I've noticed that someone in my block of flats has treated themselves to a wireless router, because its name now features in the list of available access points from my computer. Normally I wouldn't think twice about this, except that it's labelled "COMMANDO", which either means its owner is interested in staging hit-and-run-style military manoeuvres, or they're not wearing underpants. Or both. And weirdly, they want me to know.

A wander through any residential area will reveal a bewildering array of service set identifiers, or SSIDs, the names we give to our wireless access points. These days many routers come out of the box with a unique but deeply boring name like "BTHomeHub-8DF4", but some instruction manuals still advise us to change the default SSID to something of our own, provoking a rich stream of human creativity. An enquiry on Twitter this week revealed that SSIDs seem to fall into one of seven categories – but which one is yours?

1. Those that reveal so much information (eg, "backbedroomFlat12") that they double as open invitations to thieving intruders, and may as well be named "I own a computer, help yourself."

2. Names like "Top Secret", "Keep Out" or "-_-_-_-_-" which, for bored local teenagers with elite hacking skills developed over late nights in front of a flickering screen, are nothing short of a red rag to a bull.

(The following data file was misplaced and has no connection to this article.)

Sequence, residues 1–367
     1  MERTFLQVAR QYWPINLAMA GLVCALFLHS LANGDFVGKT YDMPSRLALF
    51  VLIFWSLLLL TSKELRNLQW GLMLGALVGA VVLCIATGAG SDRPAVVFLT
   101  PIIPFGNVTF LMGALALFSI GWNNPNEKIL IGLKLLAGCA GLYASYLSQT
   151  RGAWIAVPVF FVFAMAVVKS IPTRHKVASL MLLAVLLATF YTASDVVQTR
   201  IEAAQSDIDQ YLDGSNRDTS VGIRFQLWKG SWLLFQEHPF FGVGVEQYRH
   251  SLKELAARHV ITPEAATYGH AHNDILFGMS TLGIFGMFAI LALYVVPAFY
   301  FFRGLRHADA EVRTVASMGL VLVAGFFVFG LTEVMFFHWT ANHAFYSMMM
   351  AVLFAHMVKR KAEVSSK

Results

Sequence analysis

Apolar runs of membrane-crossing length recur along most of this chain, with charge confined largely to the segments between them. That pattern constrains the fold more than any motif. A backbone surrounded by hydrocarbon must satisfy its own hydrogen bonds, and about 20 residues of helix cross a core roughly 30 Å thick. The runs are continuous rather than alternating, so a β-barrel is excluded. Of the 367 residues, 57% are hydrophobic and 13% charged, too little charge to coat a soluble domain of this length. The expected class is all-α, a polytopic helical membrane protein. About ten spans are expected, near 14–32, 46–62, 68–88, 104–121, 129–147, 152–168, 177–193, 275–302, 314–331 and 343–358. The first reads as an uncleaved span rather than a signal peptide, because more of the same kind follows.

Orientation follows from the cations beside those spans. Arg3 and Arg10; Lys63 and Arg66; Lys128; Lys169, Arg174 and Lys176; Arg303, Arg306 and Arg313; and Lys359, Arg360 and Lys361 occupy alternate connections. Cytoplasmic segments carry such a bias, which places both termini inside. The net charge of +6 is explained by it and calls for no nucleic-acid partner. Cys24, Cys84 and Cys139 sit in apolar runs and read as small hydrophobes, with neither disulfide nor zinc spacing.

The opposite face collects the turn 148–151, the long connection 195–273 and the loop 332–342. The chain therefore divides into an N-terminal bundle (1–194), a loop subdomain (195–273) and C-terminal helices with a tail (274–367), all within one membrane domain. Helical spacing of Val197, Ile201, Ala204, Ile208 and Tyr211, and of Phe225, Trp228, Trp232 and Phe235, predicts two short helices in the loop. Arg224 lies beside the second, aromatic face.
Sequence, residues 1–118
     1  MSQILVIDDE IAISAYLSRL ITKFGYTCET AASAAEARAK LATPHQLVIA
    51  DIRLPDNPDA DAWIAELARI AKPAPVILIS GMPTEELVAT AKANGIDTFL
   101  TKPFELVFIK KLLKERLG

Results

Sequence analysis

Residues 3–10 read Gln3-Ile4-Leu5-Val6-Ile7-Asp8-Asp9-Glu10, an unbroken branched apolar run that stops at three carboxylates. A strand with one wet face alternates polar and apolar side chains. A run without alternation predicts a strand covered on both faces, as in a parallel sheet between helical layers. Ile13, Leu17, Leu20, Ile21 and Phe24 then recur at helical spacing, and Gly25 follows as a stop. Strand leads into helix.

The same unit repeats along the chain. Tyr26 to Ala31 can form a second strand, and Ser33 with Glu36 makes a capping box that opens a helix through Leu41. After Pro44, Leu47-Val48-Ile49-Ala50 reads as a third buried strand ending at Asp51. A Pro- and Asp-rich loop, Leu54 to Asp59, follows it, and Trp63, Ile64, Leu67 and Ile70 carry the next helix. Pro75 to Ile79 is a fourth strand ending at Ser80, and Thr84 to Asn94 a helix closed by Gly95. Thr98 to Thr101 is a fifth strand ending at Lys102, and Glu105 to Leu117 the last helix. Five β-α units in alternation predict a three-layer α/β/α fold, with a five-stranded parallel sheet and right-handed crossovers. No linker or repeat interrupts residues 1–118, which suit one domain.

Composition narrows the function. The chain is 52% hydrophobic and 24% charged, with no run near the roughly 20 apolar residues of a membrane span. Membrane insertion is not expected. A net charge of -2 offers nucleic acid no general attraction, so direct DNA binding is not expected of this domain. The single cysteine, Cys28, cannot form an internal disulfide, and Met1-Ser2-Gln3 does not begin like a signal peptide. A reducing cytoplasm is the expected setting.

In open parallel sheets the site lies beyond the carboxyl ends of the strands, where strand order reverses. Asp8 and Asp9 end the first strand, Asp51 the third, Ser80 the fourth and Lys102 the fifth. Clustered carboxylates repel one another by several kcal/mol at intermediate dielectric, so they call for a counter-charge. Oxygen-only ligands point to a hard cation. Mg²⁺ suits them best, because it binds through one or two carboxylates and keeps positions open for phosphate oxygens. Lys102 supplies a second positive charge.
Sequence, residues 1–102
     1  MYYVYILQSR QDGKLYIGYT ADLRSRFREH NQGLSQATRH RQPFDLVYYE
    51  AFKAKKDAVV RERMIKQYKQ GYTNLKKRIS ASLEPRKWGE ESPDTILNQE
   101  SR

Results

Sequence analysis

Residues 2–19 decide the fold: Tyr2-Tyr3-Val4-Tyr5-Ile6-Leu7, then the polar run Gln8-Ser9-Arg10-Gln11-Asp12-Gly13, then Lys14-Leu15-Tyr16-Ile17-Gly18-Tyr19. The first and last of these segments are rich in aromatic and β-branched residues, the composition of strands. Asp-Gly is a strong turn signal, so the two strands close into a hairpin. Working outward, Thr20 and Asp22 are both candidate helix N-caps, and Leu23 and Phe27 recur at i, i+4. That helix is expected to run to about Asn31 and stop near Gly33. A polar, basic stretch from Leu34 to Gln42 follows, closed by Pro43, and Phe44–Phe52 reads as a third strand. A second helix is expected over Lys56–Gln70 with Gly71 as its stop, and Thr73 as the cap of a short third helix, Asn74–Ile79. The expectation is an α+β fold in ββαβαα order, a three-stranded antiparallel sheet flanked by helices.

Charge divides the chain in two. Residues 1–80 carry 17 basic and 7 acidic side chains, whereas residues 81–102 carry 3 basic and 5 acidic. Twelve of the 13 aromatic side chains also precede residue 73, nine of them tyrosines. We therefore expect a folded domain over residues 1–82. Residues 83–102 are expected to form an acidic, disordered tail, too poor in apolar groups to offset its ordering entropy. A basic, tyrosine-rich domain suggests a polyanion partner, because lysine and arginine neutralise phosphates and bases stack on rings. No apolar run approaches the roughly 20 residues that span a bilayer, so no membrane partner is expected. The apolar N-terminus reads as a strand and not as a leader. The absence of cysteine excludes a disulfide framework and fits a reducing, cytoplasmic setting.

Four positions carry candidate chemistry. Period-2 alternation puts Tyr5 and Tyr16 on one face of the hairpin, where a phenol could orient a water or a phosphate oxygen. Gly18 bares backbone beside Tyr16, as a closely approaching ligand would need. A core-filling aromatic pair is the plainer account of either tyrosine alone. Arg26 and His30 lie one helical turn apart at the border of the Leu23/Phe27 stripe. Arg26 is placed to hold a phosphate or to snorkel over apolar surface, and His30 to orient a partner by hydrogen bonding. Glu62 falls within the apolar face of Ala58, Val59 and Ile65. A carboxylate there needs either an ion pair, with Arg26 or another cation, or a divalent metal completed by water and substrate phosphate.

3. Ineffective sexual braggadocio, such as "lovemuffincutecute" or "HungLikeAHorse" – ineffective because it's not remotely clear who's actually doing the bragging.

4. The surreal or whimsical: "Hector's Hat", "The Giblets", "Drunk Guy Next Door".

5. The ones designed to cause slight unease amongst the local community, eg, "I watch you through a telescope", "PROVOS", "We Still Kill The Old Way", "Sleeping w/your husband".

6. Passive-aggressive choices that convey stern messages of disapproval, despite zero guarantee that they'll be seen by the guilty party, eg "Your dog is out of control", "We can hear you having sex", "Please no more music at 3am".

7. Where paranoia surrounding the possible use of an internet connection by a third party manifests itself in SSIDs like "Stay Off This Router" or "Don't Steal Our Internet You Basterds" (sic) – despite the fact that a more effective measure would be to simply change the password.

It's surprising that more people in the final category don't simply tick the box in their router settings that stops the SSID being broadcast, thus putting a stop to the vast majority of casual snooping. But if everyone did that, it would deprive us of a fascinating cultural phenomenon. Well, moderately interesting, anyway.

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